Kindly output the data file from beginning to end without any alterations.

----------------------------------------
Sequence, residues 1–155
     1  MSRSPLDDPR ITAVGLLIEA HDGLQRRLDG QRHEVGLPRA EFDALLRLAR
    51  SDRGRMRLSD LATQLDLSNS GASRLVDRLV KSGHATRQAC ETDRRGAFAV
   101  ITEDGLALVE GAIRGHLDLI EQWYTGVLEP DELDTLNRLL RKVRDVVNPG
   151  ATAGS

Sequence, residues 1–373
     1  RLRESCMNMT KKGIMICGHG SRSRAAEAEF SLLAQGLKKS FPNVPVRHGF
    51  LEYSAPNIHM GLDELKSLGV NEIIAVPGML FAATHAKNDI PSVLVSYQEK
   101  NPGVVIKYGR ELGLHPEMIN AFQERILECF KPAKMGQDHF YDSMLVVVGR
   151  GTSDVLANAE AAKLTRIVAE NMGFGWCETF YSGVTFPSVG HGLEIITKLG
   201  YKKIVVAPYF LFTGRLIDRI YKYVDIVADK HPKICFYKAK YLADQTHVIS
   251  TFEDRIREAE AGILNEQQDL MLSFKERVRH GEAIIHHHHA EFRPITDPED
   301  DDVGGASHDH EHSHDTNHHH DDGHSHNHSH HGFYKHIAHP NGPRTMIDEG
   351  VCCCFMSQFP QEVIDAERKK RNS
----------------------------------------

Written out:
Sequence, residues 1–155
     1  MSRSPLDDPR ITAVGLLIEA HDGLQRRLDG QRHEVGLPRA EFDALLRLAR
    51  SDRGRMRLSD LATQLDLSNS GASRLVDRLV KSGHATRQAC ETDRRGAFAV
   101  ITEDGLALVE GAIRGHLDLI EQWYTGVLEP DELDTLNRLL RKVRDVVNPG
   151  ATAGS

Sequence, residues 1–373
     1  RLRESCMNMT KKGIMICGHG SRSRAAEAEF SLLAQGLKKS FPNVPVRHGF
    51  LEYSAPNIHM GLDELKSLGV NEIIAVPGML FAATHAKNDI PSVLVSYQEK
   101  NPGVVIKYGR ELGLHPEMIN AFQERILECF KPAKMGQDHF YDSMLVVVGR
   151  GTSDVLANAE AAKLTRIVAE NMGFGWCETF YSGVTFPSVG HGLEIITKLG
   201  YKKIVVAPYF LFTGRLIDRI YKYVDIVADK HPKICFYKAK YLADQTHVIS
   251  TFEDRIREAE AGILNEQQDL MLSFKERVRH GEAIIHHHHA EFRPITDPED
   301  DDVGGASHDH EHSHDTNHHH DDGHSHNHSH HGFYKHIAHP NGPRTMIDEG
   351  VCCCFMSQFP QEVIDAERKK RNS